All in all, Vanguard manages to lay the foundation for everything that followed with its gameplay. It might not be aesthetically impressive or introduce a bunch of new things, but it doesn't have to, its focused purely on gameplay and does not try to tell any stories or amaze the players with its looks. It's pretty short and can be finished in one sitting, although the final maps can prove to be pretty intense. Well worth the time and deserves its title.

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Poncho

  

Vanguard is, in my opinion, the single greatest solo project for Doom ever made. With this particular WAD, skillsaw pretty much made a name for himself, and for good reason.

 

The WAD is split up into a few episodes (three to be exact - nature, techbase and hell). Every map looks great and the detail doesn't go batshit overboard, and nor does the difficulty. See, the thing about Vanguard that makes it so enjoyable is that it's not too hard. None of the levels - with the partial exception of Map11 - are truly challenging. They ARE, but in a very fun and very fair way. The traps are set up so that you can potentially beat them when you first trigger said trap (unlike a Ribbiks level where you'll most likely die trying).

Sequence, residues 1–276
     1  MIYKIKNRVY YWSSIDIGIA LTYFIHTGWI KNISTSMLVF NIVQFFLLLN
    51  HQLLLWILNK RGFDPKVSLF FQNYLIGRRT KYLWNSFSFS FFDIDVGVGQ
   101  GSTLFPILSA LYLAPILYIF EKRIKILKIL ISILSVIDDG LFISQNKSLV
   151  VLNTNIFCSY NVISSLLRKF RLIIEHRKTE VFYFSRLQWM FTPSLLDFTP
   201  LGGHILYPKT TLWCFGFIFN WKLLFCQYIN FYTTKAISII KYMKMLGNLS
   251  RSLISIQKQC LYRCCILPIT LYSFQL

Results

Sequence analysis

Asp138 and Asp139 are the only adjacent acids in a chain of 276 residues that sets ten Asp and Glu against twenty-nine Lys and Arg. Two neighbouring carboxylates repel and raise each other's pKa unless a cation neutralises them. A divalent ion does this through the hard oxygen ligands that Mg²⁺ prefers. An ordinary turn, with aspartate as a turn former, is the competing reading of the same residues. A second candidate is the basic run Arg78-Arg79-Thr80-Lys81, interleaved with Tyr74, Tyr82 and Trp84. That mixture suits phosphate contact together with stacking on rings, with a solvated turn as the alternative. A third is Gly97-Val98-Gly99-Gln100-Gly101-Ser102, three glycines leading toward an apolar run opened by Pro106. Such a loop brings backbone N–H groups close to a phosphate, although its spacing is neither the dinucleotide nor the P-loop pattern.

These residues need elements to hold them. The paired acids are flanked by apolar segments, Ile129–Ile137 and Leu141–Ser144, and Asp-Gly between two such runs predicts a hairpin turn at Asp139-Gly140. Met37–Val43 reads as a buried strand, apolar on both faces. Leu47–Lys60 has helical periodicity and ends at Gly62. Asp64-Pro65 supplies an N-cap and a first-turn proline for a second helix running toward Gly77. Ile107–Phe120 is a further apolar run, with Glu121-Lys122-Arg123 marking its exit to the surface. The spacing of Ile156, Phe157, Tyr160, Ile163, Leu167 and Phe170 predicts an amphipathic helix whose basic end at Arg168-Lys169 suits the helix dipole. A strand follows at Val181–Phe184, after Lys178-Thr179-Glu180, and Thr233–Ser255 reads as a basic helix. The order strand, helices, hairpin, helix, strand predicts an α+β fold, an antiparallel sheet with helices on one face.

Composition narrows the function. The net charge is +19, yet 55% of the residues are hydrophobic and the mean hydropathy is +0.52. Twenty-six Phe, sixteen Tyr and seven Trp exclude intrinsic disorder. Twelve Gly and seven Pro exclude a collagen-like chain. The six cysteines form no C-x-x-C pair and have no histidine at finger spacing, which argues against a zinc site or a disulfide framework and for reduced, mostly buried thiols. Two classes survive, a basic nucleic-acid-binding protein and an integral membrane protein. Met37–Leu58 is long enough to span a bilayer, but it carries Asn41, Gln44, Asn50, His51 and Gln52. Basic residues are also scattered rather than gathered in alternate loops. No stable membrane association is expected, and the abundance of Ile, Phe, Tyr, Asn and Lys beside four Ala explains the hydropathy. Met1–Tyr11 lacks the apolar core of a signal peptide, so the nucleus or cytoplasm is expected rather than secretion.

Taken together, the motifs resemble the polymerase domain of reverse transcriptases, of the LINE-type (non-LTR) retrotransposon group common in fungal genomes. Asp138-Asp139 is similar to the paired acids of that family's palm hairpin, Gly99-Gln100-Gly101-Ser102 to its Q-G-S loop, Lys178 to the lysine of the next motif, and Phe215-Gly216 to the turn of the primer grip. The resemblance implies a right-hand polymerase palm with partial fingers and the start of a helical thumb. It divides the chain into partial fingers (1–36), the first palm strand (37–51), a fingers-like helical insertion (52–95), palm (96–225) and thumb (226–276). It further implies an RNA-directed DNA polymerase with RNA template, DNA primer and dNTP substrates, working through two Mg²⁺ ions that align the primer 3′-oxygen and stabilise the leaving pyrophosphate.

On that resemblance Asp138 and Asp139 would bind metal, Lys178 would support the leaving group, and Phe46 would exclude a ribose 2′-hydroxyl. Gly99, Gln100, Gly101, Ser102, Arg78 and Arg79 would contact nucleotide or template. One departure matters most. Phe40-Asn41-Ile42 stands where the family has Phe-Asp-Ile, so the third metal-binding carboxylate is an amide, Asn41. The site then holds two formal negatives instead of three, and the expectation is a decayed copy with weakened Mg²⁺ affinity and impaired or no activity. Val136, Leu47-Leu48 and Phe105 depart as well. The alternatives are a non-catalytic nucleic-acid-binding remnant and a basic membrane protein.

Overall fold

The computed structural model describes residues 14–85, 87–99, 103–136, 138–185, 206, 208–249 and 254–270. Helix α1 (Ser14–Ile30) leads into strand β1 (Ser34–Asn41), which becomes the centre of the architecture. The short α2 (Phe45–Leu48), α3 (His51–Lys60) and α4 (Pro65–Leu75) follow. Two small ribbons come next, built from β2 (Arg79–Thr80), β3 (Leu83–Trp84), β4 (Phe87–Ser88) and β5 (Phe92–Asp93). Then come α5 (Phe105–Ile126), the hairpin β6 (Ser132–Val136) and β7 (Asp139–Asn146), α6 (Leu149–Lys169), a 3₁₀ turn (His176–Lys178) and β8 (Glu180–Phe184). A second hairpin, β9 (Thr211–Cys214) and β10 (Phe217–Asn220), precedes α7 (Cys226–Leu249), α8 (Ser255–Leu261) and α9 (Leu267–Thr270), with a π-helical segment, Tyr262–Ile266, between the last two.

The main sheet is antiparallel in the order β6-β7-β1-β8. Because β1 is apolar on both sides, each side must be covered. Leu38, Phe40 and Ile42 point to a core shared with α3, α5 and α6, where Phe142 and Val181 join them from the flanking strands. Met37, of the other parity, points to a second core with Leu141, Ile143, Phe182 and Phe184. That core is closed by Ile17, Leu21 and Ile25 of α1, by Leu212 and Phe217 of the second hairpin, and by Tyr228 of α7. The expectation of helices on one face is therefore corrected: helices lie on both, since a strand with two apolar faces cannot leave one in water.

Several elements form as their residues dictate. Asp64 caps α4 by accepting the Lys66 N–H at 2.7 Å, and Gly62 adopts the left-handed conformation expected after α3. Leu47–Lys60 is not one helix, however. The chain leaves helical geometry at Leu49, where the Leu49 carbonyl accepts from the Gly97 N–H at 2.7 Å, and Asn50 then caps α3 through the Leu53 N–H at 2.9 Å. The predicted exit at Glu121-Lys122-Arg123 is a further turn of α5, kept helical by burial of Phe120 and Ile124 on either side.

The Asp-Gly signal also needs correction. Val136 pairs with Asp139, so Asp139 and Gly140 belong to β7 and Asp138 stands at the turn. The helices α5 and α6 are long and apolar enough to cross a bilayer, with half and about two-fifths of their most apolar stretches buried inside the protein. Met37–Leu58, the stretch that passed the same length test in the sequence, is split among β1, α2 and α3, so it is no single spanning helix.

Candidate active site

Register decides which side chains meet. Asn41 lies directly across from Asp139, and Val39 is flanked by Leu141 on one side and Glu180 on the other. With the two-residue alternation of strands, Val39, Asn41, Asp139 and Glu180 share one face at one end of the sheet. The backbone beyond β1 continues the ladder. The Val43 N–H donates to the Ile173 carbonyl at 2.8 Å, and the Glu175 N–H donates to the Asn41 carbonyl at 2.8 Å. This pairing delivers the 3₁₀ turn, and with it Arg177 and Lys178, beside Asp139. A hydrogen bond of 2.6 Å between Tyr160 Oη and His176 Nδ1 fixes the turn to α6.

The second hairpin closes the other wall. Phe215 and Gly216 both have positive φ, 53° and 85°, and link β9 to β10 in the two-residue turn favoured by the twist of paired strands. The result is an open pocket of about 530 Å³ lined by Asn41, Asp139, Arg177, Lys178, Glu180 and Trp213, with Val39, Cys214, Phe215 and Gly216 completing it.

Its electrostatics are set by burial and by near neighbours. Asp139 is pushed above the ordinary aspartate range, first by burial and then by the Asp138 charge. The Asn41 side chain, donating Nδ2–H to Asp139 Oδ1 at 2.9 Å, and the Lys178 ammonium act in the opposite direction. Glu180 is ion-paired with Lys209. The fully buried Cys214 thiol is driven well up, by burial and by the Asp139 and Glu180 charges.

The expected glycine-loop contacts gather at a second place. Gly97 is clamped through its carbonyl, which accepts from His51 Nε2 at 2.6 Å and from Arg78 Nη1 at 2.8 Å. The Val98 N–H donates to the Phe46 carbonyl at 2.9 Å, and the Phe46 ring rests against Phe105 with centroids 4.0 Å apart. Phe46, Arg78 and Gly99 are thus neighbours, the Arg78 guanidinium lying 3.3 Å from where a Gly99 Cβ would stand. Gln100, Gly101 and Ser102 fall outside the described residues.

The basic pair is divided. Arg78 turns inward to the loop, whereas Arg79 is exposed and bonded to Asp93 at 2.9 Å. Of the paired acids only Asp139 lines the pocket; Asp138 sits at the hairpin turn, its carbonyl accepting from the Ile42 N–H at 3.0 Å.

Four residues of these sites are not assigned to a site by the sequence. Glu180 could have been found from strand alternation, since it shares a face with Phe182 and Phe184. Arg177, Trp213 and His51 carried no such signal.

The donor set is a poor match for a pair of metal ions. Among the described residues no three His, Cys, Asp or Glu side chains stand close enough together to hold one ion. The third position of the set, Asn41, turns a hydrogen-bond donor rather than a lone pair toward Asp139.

Map01 is a nice, short, easy jog through some ruins, with a combo of Berserk and gun action. Map02 is, in my opinion, one of the weaker levels, but is by no means bad. The enemy placement is perhaps the most annoying of the WAD, but still functions well enough to be a bit tough and still very manageable. The ways you can access parts of the map is quite cool. Map03 (13 Angry Archviles) is a gimmick map done right. With its suspense-building music and interesting, engaging scenarios, this is one of the best maps of the set. Map04 is another trek through some natural ruins of some sort, like a castle ruin. The open areas make combat difficult, but never impossible of course, and if you possess maybe a braincell or two, you should still be able to conquer this map. The ending's very unexpected, but fun. Map05 is our first taste of slaughter; a Spider Mastermind, several teleporting Archviles and plenty of low-tier enemies to be killed. It's a fun rush of a level, easily beatable in a short time.